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Author Topic: The worst day of my life
Maximum Newbie
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Icon 9 posted October 12, 2001 02:55      Profile for Zargof     Send New Private Message       Edit/Delete Post 
Well the worst day of my life was quite simply yesterday. I woke up in Brittany, France ready for another day of work pulling down tents and by the end of the day I was back at home crying myself to sleep.

I woke up and went to breakfast, but when I got there my boss pulled me aside and said that my sister had rung to say that my step-dad wasn't well and that she wanted me to go home. My step-dad was ill when I went away so I immediately knew it had to be bad for my sister to want me to go as I was supposed to be leaving on Monday anyway. After quickly packing and saying good bye I was on a train for Paris so I could get the Eurostar home. Once in Paris I phoned home to find out what was happenning, but all they said was that my dad was picking me up from the station. So I get on the Eurostar not knowing what to think, but trying not to fear the worst, hoping it wasn't that bad, but spending three hours on a train by yourself it is difficult. Then I arrived in London and met my dad, who told me what I had expected but hoped wasn't true. My step-dad had died that early that morning. When he first said it, it didn't sink in, but after about 10 minutes the reality of the situation began to hit me. The rest of the journey home can only be described as horrible as we sat in silence and I tried to fight back the tears because I knew once I started I wouldn't be able to stop. Then once I got home and saw my mum that was it I couldn't stop the floodgates opened.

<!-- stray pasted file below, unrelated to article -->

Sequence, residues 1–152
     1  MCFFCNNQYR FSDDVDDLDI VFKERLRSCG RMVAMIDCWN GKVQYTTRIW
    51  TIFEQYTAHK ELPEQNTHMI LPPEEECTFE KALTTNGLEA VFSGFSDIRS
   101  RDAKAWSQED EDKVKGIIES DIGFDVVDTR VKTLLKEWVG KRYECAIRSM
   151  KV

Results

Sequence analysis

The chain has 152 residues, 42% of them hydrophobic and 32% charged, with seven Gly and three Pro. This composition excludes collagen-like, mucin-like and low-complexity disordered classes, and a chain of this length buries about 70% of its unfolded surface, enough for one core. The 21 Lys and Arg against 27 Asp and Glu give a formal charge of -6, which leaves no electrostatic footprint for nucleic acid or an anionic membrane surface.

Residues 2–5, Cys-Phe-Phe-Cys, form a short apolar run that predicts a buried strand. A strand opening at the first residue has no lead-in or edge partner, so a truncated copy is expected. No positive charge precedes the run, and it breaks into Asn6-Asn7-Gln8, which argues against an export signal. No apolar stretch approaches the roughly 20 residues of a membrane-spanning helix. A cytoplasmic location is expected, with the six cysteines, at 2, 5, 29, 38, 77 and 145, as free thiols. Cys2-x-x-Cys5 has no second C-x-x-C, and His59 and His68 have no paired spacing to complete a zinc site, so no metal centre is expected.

What is the hardest part is the fact I have been away in France for the last 5 weeks and have missed the last 5 weeks of his life, but I didn't come home sooner as they doctors kept saying that it wasn't life threatening and that he would be OK, but now I get back and it is too late. I really wish I had never gone as he was already ill when I left, and I was enjoying myself while he was suffering, although it was always at the back of my mind I never considered the possibility that he would die until yesterday.

This morning there is just a sense of shock and disbelief, as we try and carry on, and try to sort everything out.

So why have I come here to tell all you people that don't me about this, well I've always thought I was quite intelligent, but I cannot begin to make sense of any of this, and I know that there are a lot of people here who are more intelligent than me, so perhaps they would have a better chance. Plus I feel it helps to talk about it.

Well that has helped me to feel a little better, thanks to anyone that has read this.

Posts: 12 | From: t'other side of the pond. | Registered: May 2001  |  IP: Logged

Solid Nitrozanium SuperFan!
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Icon 1 posted October 12, 2001 04:20      Profile for Stereo     Send New Private Message       Edit/Delete Post 
First of all, please accept my deepest sympathy.

Then, please remember that death follows no logics. It happens, and that's all. Five weeks ago, you didn't tink he would die, and there was no reason for you to stop living your own life. You had to go (or it was the best thing to do at that moment based on what you knew then). Of course, with a different set of information, you would have taken a different decision, but that's what life is made of: incertitudes and choices.

My words may not be the bests. Someone else may find better ones, but in any cases, come talk about it anytime you want. Talking is a great way to let the pressure off.

My best wishes to you and your family.

Posts: 2289 | From: Gatineau, Quebec, Canada | Registered: Apr 2001  |  IP: Logged
BlabberMouth, a Blabber Odyssey
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Icon 1 posted October 12, 2001 06:02      Profile for quantumfluff     Send New Private Message       Edit/Delete Post